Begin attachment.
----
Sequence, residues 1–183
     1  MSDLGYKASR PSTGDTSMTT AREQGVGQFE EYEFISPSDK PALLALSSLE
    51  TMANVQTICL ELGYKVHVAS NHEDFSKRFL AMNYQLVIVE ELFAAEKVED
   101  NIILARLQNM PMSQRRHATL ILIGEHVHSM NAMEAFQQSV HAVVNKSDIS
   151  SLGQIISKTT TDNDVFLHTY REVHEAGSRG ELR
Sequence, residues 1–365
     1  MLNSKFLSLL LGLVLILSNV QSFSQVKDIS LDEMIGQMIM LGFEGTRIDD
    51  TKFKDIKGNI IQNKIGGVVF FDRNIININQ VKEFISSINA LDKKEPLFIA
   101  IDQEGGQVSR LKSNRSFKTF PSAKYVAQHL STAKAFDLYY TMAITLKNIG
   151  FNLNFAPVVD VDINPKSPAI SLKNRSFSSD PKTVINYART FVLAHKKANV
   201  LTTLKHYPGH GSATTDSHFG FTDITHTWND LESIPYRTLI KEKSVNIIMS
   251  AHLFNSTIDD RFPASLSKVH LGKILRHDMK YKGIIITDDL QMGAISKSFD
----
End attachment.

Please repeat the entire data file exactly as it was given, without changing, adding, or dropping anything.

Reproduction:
Sequence, residues 1–183
     1  MSDLGYKASR PSTGDTSMTT AREQGVGQFE EYEFISPSDK PALLALSSLE
    51  TMANVQTICL ELGYKVHVAS NHEDFSKRFL AMNYQLVIVE ELFAAEKVED
   101  NIILARLQNM PMSQRRHATL ILIGEHVHSM NAMEAFQQSV HAVVNKSDIS
   151  SLGQIISKTT TDNDVFLHTY REVHEAGSRG ELR
Sequence, residues 1–365
     1  MLNSKFLSLL LGLVLILSNV QSFSQVKDIS LDEMIGQMIM LGFEGTRIDD
    51  TKFKDIKGNI IQNKIGGVVF FDRNIININQ VKEFISSINA LDKKEPLFIA
   101  IDQEGGQVSR LKSNRSFKTF PSAKYVAQHL STAKAFDLYY TMAITLKNIG
   151  FNLNFAPVVD VDINPKSPAI SLKNRSFSSD PKTVINYART FVLAHKKANV
   201  LTTLKHYPGH GSATTDSHFG FTDITHTWND LESIPYRTLI KEKSVNIIMS
   251  AHLFNSTIDD RFPASLSKVH LGKILRHDMK YKGIIITDDL QMGAISKSFD